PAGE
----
Stone's illustrations reminded me a bit of Maren's in Celia Cruz. They are a different style but use the same broad strokes of color to conjure up immediate emotions in the reader. My favorite picture was of the little girl flying into the night on the paper airplane in the poem "Ab-so-lu-tas-ti-cal." It matches the spirit of the poem perfectly and left me with a great image as the book ended.

Janice Harrington used the picture book format to tell the story of her family's journey from Alabama to Nebraska during the summer of 1964. This is a gentle tale of a young family traveling to a place that they believe will give them a better chance for success in the future. Going North captures not only the atmosphere of a long car trip but also the difficulties suffered by African Americans who drove in unfamiliar areas during the period of segregation. As they run lower and lower on gas, young Jessie begins to panic, chanting, "Where will we go, Daddy? Where will we go?" Her mother chastises her, "Hush now, quiet now, Daddy's got to drive." And the whole time, "Gas gauge, getting low, getting low. Can't stop just anywhere. Only the Negro stations, only the Negro stations."

Jerome Lagarrigue uses dark moody colors for Going North, painting a landscape of blurred cotton fields and red dirt roads, all seen from the window of Jessie's car window. This is a story that hints at danger, at the pressing worry that haunts a family as they try simply to drive from one place to another. Lagarrigue's pictures convey this steady fear just as Harrington's words show the sadness of leaving family and friends for the unknown hope of a better tomorrow. Going North is a beauty of a history lesson and a very warm and somehow sweet story of a family trip as well.

In Faucet Fish, Fay Robinson tells the story of a young girl who loves fish and desperately longs for an aquarium of her own. As drawn by Wayne Anderson, Elizabeth spends every spare moment with her face pressed against the glass at the local aquarium or staring at her fish bowl with its single fish as she begs her parents for more pets. It all seems very typical (and hopeless) until one day a fish pops out of her bathroom faucet. She tells her parents, but neither one pays attention, and so Elizabeth finds herself filling every bowl in the house as the fish appear one after another. Soon enough she is faced with the arrival of a beluga whale, and finally her mother and father notice. This prompts a visit from the aquarium plumber, and Elizabeth finds herself with a house that is now an aquarium and parents who now "listen very carefully" whenever Elizabeth speaks.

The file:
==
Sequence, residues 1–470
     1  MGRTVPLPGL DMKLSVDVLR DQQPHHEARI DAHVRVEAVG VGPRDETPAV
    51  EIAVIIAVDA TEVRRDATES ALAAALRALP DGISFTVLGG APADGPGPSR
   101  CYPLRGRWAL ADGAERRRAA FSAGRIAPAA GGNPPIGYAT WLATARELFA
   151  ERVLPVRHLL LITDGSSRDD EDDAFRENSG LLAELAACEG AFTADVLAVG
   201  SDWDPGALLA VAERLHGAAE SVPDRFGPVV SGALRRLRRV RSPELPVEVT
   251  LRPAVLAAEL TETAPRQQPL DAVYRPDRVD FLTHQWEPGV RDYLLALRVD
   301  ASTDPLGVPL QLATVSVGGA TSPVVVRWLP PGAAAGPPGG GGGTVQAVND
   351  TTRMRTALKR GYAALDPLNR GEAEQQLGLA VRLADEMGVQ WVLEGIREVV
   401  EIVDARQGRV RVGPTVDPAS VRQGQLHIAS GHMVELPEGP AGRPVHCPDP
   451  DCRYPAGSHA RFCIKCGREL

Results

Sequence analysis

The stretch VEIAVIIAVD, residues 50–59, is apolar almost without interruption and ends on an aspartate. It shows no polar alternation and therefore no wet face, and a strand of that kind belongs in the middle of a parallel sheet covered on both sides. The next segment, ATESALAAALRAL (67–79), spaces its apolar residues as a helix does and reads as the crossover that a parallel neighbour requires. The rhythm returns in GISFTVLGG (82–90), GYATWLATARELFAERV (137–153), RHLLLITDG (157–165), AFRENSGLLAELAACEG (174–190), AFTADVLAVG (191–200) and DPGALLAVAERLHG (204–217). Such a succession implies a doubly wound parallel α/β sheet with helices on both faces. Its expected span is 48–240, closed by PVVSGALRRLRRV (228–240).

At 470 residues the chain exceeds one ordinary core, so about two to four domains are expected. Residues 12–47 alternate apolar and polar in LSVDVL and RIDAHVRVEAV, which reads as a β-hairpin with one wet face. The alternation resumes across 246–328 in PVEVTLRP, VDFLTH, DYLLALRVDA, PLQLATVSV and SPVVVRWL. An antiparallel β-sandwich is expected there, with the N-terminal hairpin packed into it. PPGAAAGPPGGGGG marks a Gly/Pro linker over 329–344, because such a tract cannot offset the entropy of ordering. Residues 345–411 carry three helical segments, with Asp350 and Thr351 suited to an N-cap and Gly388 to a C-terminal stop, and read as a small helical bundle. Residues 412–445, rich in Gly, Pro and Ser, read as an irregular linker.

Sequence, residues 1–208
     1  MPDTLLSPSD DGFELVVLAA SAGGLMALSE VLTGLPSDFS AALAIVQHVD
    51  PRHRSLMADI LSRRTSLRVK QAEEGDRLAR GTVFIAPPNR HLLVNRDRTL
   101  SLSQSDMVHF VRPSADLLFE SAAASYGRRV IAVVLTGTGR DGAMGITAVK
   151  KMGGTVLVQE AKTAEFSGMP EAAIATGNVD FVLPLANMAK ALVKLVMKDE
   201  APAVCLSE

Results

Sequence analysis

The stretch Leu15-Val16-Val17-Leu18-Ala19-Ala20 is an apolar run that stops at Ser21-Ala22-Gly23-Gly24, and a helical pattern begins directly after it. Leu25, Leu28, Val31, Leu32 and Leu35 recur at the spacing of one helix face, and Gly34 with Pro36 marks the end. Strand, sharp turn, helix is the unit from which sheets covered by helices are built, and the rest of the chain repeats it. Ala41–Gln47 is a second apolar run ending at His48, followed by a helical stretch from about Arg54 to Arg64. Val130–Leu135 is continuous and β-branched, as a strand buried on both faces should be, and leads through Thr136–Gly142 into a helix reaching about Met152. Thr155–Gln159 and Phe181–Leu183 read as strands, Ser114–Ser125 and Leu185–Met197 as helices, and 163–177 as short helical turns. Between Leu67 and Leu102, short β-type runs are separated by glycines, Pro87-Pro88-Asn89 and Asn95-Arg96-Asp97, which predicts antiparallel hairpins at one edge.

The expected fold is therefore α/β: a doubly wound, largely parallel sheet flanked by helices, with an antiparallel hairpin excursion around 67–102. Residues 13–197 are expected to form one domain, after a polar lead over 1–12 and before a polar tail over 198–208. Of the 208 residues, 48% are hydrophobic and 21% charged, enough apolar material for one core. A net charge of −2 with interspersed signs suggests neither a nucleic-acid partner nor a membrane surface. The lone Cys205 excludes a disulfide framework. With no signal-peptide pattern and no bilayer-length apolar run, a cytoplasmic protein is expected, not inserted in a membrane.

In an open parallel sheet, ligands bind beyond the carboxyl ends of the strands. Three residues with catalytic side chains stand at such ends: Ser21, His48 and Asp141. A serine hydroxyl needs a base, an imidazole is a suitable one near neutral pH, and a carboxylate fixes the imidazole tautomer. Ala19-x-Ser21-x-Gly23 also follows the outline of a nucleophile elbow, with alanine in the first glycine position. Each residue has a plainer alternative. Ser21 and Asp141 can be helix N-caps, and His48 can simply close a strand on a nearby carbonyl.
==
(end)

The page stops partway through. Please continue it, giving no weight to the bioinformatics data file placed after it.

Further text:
Faucet Fish has a perfect under-the-sea mood as illustrated with Anderson's beautiful pastel pictures, and Elizabeth is a charmer with a major problem when it comes to being taken seriously. What I really liked about this book is the cool message it conveys about children knowing what they like. Elizabeth loves the aquarium and wants a life spent with fish. But because she is young, her parents naturally assume she is only angling for a new pet. I may be reading more into this charming tale then Robinson intended, but I thought it was a great example of a child who knows what she wants and only needs someone with power to recognize that truth. At least in this case, Elizabeth is finally heard loud and clear and wins the biggest prize of all.

With Captain Arsenio, author and illustrator Pablo Bernasconi uses a collage technique for the inspired pictures in his story of a late 18th century inventor struggling to design a successful flying machine. "My days of sailing and scuba-diving are over," wrote Arsenio on May 1st, 1782, "I retire with grace to begin a new stage in my life that will undoubtedly go down in history. I'm going to achieve what has been humanity's desire for centuries: I will build a flying machine."

It pretty much goes without saying that the Captain is not very good at building an airplane. He crashes many, many times as he is alternately launched aloft by a dozen birds tied to strings, a hamster powered apparatus, and an actual rocket. He remains undaunted until the very end however, when he suddenly disappears, leaving only his detailed notebook behind, over 7,500 miles from his home in Patagonia, Argentina.

However did it get there?

Captain Arsenio is an eccentric kind of book for readers who like mechanical things and creative artwork. More than anything, this is a book and a character that are not boring and should lead even the most reluctant reader down the path of adventure (and misadventure) again and again.

Look for another picture book roundup in the Spring!


Celia Cruz, Queen of Salsa.
Veronica Chambers, illustrated by Julie Maren.
Dial Books for Young Readers. 2005.

Faucet Fish.
Fay Robinson, illustrated by Wayne Anderson.
Dutton Children's Books. 2005.

Going North.
Janice Harrington, illustrated by Jerome Lagarrigue.
Farrar, Straus & Giroux. 2004.

Please Bury Me in the Library.
J. Patrick Lewis, illustrated by Kyle M. Stone
Harcourt. 2005.

You Can't See a Dodo at the Zoo.
Fred Ehrlich, illustrated by Amanda Haley.
Blue Apple Books. 2005.

Captain Arsenio: Inventions and (Mis)Adventures in Flight.
Pablo Bernasconi, illustrated by Pablo Bernasconi.
Houghton Mifflin. 2005.